The rise of electric vehicles poses new engineering and business challenges for the automotive companies. Some of the major challenges faced by EV start-ups include timely validation of innovative vehicle concepts and arriving at the right battery pack design that meets the optimum trade-offs between weight, cost and battery performance. These technical problems are supplemented with the need for faster time to market and accelerated product development to beat competition.
This article explores how cloud based simulation tools can help EV companies adopt a collaborative simulation led approach towards product development.
How simulation tools help EV battery design
Battery pack design is THE most critical part of EV development, as the vehicle is designed around the battery pack. Multiple parameters like battery chemistry, cell selection, capacity, modularity, weight and placement of the battery pack(s) are central to the overall vehicle architecture, and companies need to make the optimum trade-offs between various factors to achieve desired performance.
In order to finalise battery parameters, multiple aspects of battery behaviour such as battery life (affected by cyclical and calendric aging), cost, external environmental factors as well as load cycle of the vehicle etc need to be carefully examined. The simulation tools provide readymade virtual test benches for companies to estimate battery performance and vehicle performance for set parameters against different driving cycles.
How simulation tools help during the EV design phase
Vehicle design requires efforts in creative design and engineering design.
Immersive visualisation capability offered by simulation tools help OEMs validate the creative design in a digital environment. Simulation also plays a critical role to virtually validate vehicle performance on the road. This is all the more important in the case of EV development as it requires solving multi-disciplinary challenges in mechanical, electronics and electrical engineering. EVs are high voltage systems that run on current drawn from a high energy density battery. The entire electrical system including cabling, wiring harness and connectors need to be designed to cater to a high voltage system. Additionally, electric motor running at high RPM in an EV makes its NVH requirements distinct from ICE vehicles. Simulation tools provide specific libraries to the help the EV OEMs analyse and estimate vehicle performance and safety parameters of multiple configurations virtually, thus cutting down the time as compared to a sequential approach.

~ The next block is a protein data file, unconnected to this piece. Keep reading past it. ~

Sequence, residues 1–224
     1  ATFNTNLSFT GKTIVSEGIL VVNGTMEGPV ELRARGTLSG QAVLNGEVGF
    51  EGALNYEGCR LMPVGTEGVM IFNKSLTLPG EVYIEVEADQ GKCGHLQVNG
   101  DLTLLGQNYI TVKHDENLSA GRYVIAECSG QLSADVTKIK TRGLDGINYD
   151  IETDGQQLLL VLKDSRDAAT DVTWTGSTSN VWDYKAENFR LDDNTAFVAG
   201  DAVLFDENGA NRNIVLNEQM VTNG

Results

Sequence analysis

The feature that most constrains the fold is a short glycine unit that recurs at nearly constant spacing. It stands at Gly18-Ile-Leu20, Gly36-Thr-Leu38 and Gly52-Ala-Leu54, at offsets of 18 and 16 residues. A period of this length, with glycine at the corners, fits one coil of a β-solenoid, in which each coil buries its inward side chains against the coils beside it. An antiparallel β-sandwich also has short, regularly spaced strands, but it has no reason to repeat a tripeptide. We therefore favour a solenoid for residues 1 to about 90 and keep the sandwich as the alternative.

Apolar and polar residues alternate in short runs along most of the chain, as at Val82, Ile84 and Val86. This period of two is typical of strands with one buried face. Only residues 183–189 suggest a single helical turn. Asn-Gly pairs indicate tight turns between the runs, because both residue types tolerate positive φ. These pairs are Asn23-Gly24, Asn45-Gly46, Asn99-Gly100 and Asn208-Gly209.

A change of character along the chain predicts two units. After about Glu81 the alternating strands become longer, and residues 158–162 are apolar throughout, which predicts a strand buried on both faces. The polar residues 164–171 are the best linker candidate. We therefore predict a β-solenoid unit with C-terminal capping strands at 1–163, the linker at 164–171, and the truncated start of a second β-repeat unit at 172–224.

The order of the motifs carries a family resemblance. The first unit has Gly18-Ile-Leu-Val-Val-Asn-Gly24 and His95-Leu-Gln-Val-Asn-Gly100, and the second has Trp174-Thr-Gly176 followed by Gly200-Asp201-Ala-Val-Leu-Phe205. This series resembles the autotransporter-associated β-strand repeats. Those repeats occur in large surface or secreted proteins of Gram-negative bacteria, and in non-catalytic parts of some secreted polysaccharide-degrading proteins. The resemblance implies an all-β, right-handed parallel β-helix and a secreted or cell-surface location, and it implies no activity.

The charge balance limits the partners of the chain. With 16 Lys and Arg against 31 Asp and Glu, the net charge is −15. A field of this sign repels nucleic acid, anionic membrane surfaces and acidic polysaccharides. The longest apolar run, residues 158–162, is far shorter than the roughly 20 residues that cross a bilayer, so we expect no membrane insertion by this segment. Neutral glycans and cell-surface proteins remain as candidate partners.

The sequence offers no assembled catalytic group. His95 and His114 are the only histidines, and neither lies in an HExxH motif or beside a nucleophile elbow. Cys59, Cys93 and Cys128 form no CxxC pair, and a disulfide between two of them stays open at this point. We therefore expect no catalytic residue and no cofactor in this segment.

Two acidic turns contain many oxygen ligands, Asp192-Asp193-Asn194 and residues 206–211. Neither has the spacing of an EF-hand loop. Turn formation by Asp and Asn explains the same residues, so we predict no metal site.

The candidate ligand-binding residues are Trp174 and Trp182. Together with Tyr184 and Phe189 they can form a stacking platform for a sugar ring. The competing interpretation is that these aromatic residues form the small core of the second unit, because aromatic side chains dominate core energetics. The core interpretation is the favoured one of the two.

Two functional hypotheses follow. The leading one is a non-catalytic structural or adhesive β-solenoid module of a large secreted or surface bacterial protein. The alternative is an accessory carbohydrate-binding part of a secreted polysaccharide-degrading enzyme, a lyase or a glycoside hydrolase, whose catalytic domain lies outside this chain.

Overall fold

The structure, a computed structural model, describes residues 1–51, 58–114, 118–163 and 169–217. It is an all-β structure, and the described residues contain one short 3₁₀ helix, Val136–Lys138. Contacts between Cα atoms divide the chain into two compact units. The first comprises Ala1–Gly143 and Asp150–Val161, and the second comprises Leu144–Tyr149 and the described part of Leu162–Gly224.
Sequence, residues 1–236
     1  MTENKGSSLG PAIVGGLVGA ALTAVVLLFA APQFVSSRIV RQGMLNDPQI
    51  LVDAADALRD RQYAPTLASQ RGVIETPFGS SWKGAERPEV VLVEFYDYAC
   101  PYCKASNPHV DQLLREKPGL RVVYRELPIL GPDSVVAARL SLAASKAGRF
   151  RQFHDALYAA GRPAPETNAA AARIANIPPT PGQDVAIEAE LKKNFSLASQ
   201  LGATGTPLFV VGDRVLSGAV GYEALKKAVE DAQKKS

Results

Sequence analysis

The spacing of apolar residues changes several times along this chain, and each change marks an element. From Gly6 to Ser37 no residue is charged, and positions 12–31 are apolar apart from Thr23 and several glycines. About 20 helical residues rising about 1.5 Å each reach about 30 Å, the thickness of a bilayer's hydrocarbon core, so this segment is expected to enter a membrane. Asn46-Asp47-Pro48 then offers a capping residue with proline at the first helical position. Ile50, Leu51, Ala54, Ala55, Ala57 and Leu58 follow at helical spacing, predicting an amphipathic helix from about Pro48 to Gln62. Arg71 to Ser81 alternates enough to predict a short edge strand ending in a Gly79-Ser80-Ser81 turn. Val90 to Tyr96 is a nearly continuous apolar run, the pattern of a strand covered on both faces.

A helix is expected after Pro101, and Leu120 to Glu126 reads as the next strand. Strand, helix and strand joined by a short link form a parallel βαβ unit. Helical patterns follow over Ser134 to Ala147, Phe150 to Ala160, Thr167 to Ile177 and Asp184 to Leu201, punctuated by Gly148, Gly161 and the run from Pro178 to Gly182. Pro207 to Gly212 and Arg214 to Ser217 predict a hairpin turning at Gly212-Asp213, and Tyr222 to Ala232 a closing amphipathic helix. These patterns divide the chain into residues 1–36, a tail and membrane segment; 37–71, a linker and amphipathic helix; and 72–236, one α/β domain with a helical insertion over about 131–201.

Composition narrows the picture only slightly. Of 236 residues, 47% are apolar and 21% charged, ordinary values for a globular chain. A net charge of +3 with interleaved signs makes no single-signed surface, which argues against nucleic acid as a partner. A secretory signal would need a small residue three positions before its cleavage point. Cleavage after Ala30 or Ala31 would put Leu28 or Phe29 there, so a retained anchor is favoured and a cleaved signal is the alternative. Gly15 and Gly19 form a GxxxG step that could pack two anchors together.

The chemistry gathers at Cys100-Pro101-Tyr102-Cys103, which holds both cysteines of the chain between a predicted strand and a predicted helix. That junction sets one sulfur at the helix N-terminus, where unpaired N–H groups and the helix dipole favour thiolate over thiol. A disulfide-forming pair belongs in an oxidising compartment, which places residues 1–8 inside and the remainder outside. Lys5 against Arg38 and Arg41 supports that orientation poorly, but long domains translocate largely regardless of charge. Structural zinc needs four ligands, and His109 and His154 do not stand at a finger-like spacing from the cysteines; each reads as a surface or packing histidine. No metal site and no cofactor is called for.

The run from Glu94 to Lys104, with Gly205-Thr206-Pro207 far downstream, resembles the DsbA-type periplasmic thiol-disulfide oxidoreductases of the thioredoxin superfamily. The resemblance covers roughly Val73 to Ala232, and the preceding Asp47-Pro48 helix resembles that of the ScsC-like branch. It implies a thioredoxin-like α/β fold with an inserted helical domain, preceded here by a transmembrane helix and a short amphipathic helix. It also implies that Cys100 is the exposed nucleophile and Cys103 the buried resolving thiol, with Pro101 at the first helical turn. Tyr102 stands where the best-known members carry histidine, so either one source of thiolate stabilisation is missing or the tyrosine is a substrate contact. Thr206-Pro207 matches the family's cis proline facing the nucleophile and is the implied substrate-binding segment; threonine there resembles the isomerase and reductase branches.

Overall, the EV design approach has to be very comprehensive and collaborative. OEMs need to work with the powertrain component manufacturers and battery pack suppliers right from early design stage to come up a good and efficient vehicle, rather than putting together off the shelf components. Cloud based solutions enable easy collaboration and exchange of information between different stakeholders.
How simulation tools help during the EV manufacturing phase
Once the vehicle prototype is ready, EV start-ups take their designs to manufacturing stage. This requires planning the entire manufacturing set up including assembly lines, layouts, arranging stations, number of people required etc taking into consideration the future scale-up plans based on market assessment.
Simulation tools can help simulate the overall manufacturing layout, validate assembly process plans, help the OEMs assess multiple ‘what if’ scenarios and their impact on overall through put. Modelling the behaviour of manufacturing line in digital space also helps the OEMs identify potential bottlenecks in the manufacturing line, arrive at Make vs Buy decisions well before putting any physical plans in place.
Once the manufacturing setup is in running stage, ‘manufacturing operations management’ modules offered by simulation tools help control processes like scheduling, sales and operations planning, and ensure the productivity of the overall system.
Cloud based simulation tools are leveller technologies available for EV start-ups that can help them compete with legacy automakers and shorten the learning curve for new product development. Collaborative workflows and early validation allow the EV companies compress the overall product development time while meeting budget constraints.
Note – This article has been written based on the opinions expressed by Mr Rupesh Khopade (Dassault Systemes India) and Dr Deb Mukherji (Omega Seiki Mobility) during Dec 2020 webinar on ‘Accelerated EV Product Development with Simulation Technology’, organised by EVreporter in association with VIAS Corp India. To view the recording of the event, please visit our YouTube channel. VIAS team can be reached at email@example.com
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